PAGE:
I'd say Kennedy stepped up nicely in this tough bout, and probably secured a spot for his next fight on national television. Teon is a talented crowd pleaser.
At the beginning of his career Kennedy was often compared to Jeff Chandler. There are similarities, but that one didn't quite fit. Then when Teon was waging war in what should have been easy fights, we thought we had another Meldrick Taylor. Although that sounds like a compliment, the comparisons were more of a caution. The caution is still out there, but his brawl with Diaz showed that he is still able to lay back a bit and utilize his skills. He's not addicted to the action like Taylor was.
I like the comparison to Boza Edwards. Speed, power and heart. Big fights, classic wars, and maybe even a world title. He's in a steep division, but then so was Boza. The best part is that Teon will play out the next and most critical stage of his career with everyone watching. If the networks don't pick him up now, they are crazy.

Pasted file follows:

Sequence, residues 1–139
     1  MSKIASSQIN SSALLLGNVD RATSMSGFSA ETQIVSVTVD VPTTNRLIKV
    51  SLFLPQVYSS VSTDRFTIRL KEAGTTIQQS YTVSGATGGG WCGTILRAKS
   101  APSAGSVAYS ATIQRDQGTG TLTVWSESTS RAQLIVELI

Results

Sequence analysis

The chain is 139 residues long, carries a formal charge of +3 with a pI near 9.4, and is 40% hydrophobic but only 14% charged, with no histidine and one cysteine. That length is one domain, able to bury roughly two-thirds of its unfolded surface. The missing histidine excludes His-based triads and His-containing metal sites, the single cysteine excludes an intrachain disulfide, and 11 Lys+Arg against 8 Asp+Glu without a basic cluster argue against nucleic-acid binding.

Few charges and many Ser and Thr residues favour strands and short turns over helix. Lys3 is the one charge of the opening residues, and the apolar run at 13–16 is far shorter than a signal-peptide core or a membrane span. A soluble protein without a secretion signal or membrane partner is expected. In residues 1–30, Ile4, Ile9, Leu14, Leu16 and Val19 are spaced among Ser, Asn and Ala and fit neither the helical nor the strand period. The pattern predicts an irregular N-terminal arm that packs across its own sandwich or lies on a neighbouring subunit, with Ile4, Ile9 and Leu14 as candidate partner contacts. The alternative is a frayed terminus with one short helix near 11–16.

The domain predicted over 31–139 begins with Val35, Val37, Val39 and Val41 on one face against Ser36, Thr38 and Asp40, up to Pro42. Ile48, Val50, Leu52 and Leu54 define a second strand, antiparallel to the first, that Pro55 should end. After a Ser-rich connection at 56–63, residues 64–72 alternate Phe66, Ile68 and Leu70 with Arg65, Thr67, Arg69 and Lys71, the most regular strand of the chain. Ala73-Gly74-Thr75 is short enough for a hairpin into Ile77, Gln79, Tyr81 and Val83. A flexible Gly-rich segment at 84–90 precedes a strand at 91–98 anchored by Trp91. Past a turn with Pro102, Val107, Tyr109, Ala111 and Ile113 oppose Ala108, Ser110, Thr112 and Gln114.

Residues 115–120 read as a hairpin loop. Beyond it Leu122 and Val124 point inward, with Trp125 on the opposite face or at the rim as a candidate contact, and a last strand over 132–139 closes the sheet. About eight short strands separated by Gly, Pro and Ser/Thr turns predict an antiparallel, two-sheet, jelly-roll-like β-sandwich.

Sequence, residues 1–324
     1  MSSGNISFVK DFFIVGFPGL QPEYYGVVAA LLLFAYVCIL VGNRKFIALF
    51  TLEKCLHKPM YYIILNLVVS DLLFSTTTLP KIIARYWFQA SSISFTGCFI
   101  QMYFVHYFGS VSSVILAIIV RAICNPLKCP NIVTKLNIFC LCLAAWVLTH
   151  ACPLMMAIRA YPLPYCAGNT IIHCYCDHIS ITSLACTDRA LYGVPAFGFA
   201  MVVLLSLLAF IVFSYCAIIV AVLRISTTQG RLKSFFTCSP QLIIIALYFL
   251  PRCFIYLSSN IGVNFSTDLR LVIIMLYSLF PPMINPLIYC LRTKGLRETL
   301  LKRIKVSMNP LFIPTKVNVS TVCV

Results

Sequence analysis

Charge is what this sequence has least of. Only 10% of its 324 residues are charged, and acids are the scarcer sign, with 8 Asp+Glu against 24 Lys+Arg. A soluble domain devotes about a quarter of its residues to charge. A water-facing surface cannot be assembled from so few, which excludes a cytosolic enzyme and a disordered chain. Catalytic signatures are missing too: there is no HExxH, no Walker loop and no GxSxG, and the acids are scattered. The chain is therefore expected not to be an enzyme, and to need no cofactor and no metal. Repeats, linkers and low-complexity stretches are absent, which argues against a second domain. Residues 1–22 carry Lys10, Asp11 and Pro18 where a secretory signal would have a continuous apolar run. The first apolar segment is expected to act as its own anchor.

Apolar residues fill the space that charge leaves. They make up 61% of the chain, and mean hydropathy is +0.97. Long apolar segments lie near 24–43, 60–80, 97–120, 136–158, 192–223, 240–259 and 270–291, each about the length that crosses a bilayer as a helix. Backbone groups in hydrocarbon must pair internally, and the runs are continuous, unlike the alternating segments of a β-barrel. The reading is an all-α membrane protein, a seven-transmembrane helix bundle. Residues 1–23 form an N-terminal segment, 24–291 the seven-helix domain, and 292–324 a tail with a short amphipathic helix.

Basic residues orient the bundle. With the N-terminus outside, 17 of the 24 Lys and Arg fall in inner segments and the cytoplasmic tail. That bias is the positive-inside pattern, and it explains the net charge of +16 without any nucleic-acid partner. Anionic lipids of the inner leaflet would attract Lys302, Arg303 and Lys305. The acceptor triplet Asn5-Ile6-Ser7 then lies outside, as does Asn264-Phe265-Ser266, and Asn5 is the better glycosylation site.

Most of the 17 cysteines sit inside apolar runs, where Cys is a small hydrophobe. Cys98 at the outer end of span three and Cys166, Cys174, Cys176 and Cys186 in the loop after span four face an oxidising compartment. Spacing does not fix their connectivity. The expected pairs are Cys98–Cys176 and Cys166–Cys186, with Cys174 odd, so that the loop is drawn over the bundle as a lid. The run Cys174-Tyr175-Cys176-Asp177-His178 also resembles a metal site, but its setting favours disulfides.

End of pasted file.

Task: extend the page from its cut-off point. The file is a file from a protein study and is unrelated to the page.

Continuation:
Also on the card, Philadelphia's Miguel Cartegena made his professional debut with a four-round shutout of seven-fight vet Omar Gonzales of San Antonio. Gonzales slipped to 2-6 with the loss to Cartegena, 1-0.
In the walkout bout, Philly's Rashad Brown halted southpaw Darryl Parker of Louisville at 1:41 of round three. Both fighters came in 2-0. Brown left with his record unblemished and with his first KO.
The main event featured Yuriorkis Gamboa's four round blast out of Jorge Solis. Gamboa scored five knockdowns (two in the second, one in the third and two in the fourth). Other results included:
Miguel Garcia TKO 10 Matt Remillard